The causes of hemorrhoids are straining during bowel movements, sitting for long periods of time on the toilets, and chronic diarrhea or constipation.
Excess weight, especially in the abdomen and pelvis, may increase pressure on pelvic veins. Pregnancy [during pregnancy) increases blood flow to the pelvis and relax supportive tissues while the growing fetus causes increased pressure on blood vessels.
During labor, hemorrhoids may develop because of the intense pressure on the anal area while pushing to deliver the baby]
Medical conditions. For example, long-term heart and liver disease may cause blood to pool in the abdomen and pelvic area, enlarging the veins.
It’s also possible to inherit a tendency to develop hemorrhoids. Hemorrhoids are more likely as you get older because the tissues that support the veins in your rectum and anus can weaken and stretch with aging. The best way to prevent hemorrhoids is to keep your stools soft so that they pass out easily. To prevent hemorrhoids and reduce symptoms of hemorrhoids, follow the following health tips:
Eat high-fiber foods: Eat more fruits, vegetables and whole grains. Doing so softens the stool and increases its bulk, which will help you avoid the straining that can cause hemorrhoids or worsen symptoms from existing hemorrhoids. Add fiber to your diet slowly to avoid problems with gas.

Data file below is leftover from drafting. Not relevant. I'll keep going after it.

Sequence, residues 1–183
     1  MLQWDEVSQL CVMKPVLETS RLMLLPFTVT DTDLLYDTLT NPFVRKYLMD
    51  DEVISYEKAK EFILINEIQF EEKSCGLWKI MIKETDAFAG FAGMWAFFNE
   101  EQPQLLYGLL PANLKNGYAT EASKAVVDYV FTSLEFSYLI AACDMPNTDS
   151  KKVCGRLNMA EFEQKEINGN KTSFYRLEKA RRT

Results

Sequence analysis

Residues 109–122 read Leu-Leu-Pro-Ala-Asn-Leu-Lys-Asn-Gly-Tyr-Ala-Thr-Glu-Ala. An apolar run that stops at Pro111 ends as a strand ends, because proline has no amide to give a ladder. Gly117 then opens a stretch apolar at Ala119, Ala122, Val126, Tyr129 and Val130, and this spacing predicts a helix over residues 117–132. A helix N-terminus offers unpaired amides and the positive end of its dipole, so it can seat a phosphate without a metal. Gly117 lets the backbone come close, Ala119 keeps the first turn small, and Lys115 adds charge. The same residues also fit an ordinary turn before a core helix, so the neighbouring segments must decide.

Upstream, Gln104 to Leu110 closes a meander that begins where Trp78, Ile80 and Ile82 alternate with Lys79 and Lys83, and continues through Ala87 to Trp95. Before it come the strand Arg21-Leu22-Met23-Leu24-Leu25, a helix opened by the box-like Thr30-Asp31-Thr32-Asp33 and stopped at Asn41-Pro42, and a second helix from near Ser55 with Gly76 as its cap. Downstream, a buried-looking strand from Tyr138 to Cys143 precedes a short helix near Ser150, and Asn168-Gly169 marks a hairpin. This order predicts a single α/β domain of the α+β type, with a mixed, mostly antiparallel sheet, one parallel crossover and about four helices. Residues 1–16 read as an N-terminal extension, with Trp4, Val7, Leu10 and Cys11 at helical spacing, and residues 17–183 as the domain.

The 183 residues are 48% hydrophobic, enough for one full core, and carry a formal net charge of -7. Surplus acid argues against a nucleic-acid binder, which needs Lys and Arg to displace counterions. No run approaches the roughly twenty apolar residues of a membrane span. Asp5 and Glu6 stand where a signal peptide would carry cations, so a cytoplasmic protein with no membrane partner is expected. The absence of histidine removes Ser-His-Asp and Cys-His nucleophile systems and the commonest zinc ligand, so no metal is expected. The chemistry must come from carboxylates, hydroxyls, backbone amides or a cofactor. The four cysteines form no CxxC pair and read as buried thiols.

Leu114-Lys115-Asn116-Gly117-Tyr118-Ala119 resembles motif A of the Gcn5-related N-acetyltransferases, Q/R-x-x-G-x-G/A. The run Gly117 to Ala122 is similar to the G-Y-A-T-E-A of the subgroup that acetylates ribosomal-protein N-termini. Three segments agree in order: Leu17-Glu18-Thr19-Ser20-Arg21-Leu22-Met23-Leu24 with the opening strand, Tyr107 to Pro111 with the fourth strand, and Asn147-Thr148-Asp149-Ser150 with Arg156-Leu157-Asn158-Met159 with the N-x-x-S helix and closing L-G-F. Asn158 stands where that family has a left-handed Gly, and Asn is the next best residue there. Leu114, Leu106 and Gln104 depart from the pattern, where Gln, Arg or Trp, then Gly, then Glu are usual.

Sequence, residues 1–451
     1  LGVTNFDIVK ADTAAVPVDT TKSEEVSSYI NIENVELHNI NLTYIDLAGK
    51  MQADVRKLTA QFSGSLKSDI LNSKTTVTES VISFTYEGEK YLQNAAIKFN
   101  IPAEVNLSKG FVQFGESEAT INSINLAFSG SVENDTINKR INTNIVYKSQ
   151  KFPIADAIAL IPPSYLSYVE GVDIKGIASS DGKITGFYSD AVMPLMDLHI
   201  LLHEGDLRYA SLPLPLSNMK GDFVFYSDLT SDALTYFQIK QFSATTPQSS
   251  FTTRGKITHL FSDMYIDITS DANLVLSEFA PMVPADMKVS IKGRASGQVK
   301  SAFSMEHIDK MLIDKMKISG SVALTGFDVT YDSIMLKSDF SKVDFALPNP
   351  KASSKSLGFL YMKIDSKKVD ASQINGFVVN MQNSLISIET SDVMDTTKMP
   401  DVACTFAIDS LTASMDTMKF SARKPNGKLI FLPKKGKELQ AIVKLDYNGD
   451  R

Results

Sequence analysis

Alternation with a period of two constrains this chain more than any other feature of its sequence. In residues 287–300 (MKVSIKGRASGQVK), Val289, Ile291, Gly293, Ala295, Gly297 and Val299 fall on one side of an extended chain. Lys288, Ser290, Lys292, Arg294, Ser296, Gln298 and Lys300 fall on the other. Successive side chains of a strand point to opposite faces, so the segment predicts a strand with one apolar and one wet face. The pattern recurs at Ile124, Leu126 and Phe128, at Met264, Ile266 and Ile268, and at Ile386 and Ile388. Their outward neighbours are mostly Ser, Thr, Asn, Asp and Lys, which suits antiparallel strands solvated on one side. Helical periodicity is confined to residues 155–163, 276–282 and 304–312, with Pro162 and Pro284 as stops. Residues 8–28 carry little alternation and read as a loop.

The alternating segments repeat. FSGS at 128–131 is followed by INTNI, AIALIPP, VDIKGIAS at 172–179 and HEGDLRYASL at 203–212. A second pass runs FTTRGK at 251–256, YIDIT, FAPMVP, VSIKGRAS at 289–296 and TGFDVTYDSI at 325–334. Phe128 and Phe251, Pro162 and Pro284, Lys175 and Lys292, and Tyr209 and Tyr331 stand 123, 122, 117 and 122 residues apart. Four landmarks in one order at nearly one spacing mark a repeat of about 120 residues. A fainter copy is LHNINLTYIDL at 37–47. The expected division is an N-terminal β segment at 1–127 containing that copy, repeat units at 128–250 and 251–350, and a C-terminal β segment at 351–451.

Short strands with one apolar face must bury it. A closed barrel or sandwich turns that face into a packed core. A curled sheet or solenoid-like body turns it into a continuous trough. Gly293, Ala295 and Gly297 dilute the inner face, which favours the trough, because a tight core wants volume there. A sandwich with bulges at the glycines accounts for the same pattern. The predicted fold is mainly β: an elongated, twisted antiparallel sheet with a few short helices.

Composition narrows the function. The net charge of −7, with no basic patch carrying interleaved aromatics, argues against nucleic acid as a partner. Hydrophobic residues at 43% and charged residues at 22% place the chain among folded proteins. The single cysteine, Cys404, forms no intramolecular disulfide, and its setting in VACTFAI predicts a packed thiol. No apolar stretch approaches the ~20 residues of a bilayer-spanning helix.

Drink plenty of fluids: Drink six to eight glasses of water and other liquids (not alcohol) each day to help keep stools soft. Also consider fiber supplements. Most people don’t get enough of the recommended amount of fiber — 20 to 35 grams a day — in their diet. Studies have shown that over-the-counter fiber supplements, such as Metamucil and Citrucel, improve overall symptoms and bleeding from hemorrhoids. These products help keep stools soft and regular. If you use fiber supplements, be sure to drink at least eight glasses of water or other fluids every day. Otherwise, the supplements can cause constipation or make constipation worse.